Nice is the biggest city on France's glorious Cote D'Azur and the second most-visited French destination after Paris. With its intriguing old town, fabulous shops and stylish inhabitants, Nice provides the perfect springboard to sample the French Riviera.
The French Riviera stretches 80 miles along France's Mediterranean coast and is home to some of the world's most sophisticated resorts, such as Cap d'Antibes and St Tropez, as well as the small but very chic principality of Monaco, where America's darling, Grace Kelly, was a fairytale princess.
Grace certainly wasn't the first celebrity to fall in love on -- and with -- the French Riviera. In the 19th century the region played host to Queen Victoria and her son, King Edward VII, and was a favourite haunt of the Rothschilds.
Later visitor lists read like a who's who of the 20th and 21st centuries. Pablo Picasso, Henri Matisse, Edith Wharton, Somerset Maugham, Scott & Zelda Fitzgerald and Aldous Huxley were all Riviera fans; more recent celebrities including Elton John have bought homes in this spectacular part of the world, which effortlessly retains its reputation as a magnet for the mega-rich of all nationalities.
The Cote d'Azur Economic Development Agency reckons that every year, the coast attracts at least half of the world's superyachts, while an estimated 90 percent of all superyachts visit it at least once. But despite its reputation as the playground of the beaux monde, there is also a very down-to-earth aspect to the Cote d'Azur.
Many residents zip about on local buses or low-priced trains; sleepy medieval villages perched precariously on the side of mountains are full of craft shops selling locally-made soaps, scented candles and other goodies at perfectly affordable prices. And in harborfront cafes, you can gaze at gleaming mega-yachts while tucking into a cheap-and-cheerful croque-monsieur, salad Nicoise or steak-frites.
Nice is bordered by Provence to the west, the Alps to the north and Italy to the east and epitomizes this blend of starry glamour with "all comers welcome" pragmatism. It's easy to explore on foot, has some excellent street markets and is an excellent -- and surprisingly affordable -- place in which to spend a few days at the top or tail end of a Mediterranean cruise.
Some (smaller) cruise ships dock at the Port of Nice on the Quai du Commerce pier, about a half-hour walk away from the city centre. Others anchor in neighboring Villefranche Bay and tender passengers ashore into the delightful little port of Villefranche-sur-Mer. This is worth exploring in its own right but is also a short (and regular) train journey from Nice.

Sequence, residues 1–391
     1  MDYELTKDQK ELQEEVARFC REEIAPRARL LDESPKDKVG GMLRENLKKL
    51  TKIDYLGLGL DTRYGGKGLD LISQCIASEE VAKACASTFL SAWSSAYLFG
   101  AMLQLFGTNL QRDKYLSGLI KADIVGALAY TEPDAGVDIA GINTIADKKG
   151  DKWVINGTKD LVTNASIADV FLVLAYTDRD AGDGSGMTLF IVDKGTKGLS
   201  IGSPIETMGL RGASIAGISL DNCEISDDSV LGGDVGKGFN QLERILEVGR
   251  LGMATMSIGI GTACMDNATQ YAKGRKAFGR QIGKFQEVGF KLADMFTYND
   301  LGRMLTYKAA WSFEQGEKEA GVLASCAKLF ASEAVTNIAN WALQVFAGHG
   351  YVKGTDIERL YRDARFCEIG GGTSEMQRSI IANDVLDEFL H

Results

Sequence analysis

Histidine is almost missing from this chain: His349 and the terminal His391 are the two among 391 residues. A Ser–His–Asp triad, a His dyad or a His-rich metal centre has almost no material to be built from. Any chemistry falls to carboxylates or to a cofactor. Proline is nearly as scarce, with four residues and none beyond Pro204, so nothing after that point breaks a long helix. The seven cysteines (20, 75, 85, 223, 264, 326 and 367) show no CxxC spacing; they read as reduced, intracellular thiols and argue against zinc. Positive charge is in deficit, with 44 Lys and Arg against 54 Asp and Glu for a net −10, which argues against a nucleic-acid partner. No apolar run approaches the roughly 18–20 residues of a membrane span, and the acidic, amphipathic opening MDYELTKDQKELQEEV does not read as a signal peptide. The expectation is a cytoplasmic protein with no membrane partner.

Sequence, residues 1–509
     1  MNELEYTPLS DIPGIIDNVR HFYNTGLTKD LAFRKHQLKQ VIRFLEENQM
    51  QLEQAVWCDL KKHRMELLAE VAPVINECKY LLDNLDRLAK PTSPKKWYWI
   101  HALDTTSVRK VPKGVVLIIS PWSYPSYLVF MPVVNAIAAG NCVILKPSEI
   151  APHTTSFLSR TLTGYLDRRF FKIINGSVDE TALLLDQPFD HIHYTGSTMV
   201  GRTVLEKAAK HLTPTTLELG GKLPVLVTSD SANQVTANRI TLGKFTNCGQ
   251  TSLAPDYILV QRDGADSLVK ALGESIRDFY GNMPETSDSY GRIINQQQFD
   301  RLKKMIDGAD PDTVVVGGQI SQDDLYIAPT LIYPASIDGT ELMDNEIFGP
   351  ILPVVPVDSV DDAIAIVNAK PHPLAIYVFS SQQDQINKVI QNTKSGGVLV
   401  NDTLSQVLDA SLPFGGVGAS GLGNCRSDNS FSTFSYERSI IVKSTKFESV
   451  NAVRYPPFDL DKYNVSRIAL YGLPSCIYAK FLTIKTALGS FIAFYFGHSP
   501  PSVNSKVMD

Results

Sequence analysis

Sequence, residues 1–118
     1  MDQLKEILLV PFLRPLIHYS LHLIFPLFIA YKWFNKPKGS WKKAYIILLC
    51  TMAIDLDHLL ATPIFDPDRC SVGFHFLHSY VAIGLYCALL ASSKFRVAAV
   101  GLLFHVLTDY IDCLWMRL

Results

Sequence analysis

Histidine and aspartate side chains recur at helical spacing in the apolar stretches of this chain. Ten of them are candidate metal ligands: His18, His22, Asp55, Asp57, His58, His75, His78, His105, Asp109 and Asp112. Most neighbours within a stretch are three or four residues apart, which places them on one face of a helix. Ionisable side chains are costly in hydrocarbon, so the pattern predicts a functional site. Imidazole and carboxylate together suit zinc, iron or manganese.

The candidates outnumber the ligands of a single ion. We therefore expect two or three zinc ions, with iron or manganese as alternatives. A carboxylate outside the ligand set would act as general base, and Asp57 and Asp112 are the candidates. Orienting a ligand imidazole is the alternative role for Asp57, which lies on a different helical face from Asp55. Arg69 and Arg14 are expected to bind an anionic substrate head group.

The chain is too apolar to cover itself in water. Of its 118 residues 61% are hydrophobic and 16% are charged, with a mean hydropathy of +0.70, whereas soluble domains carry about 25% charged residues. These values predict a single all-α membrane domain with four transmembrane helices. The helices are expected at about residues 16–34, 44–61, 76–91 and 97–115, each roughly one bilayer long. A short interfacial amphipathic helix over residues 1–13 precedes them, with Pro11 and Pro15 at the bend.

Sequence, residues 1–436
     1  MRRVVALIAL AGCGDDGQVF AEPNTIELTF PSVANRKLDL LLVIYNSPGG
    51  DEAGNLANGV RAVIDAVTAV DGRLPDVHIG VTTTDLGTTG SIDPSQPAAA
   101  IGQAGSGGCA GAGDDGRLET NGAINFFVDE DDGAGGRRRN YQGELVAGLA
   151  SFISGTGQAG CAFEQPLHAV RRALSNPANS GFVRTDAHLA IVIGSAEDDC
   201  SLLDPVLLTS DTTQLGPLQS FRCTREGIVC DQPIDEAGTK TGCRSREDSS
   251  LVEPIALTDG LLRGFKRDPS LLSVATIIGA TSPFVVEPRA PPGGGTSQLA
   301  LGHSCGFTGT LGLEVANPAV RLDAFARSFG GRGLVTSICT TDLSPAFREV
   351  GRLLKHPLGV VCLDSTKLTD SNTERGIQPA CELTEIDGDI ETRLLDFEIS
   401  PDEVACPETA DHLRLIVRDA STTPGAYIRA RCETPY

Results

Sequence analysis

Conventional and fast-ferry operations to Corsica also operate from Nice.
Heavy traffic. Take care crossing the busy roads
Thieves. The Riviera is a wealthy area and attracts a criminal element known for their boldness in breaking into cars and even opening the passenger doors of cars in transit to snatch bags from the front seat. Lock all valuables out of sight and keep passenger doors locked when traveling. And always keep an eye on your bags when using public transport.
The official currency is the euro (for the latest exchange rate, visit oanda.com or xe.com).
There are plenty of banks with ATM machines and exchange bureaux in Nice and at the airport, railway and bus stations. Major credit cards are also widely (but not universally) accepted. Carry some cash just in case.
Note also that France applies VAT (Value Added Tax) to most goods and services, currently at the rate of 20 percent, which adds a hefty surcharge to restaurant and shopping bills.
As a tourist, you can claim a tax refund on any goods bought for deportation, so keep all receipts and be prepared to present them -- possibly with proof that you are taking the goods out of the country -- at a VAT refund station. You'll find these at airports, railway stations with international links and most tourist offices.
While English is widely spoken and understood -- particularly at main tourist attractions – do not assume everyone speaks it. Many taxi drivers, waiters and shopkeepers speak only French, so it's worth taking a phrase book or language app along.
The sunny, lavender-rich, Riviera is the heartland of the French perfume industry so locally-blended scents, room fragrances and soap are all good buys.
Foodies back home will appreciate pretty bags of herbes du Provence or bottles of locally-produced olive oil and les grand vins du France always go down well.
Vieux Nice, the old town located around Cours Saleya, is the Riviera's largest open-air shopping arcade, with more than 600 shops and boutiques and a great place to browse for souvenirs and gifts.
In a place this sophisticated -- and the country which is home to fine cognac -- it has to be a Brandy Alexander, a smooth-as-silk combination of cognac, crème de cacao, cream and grated nutmeg.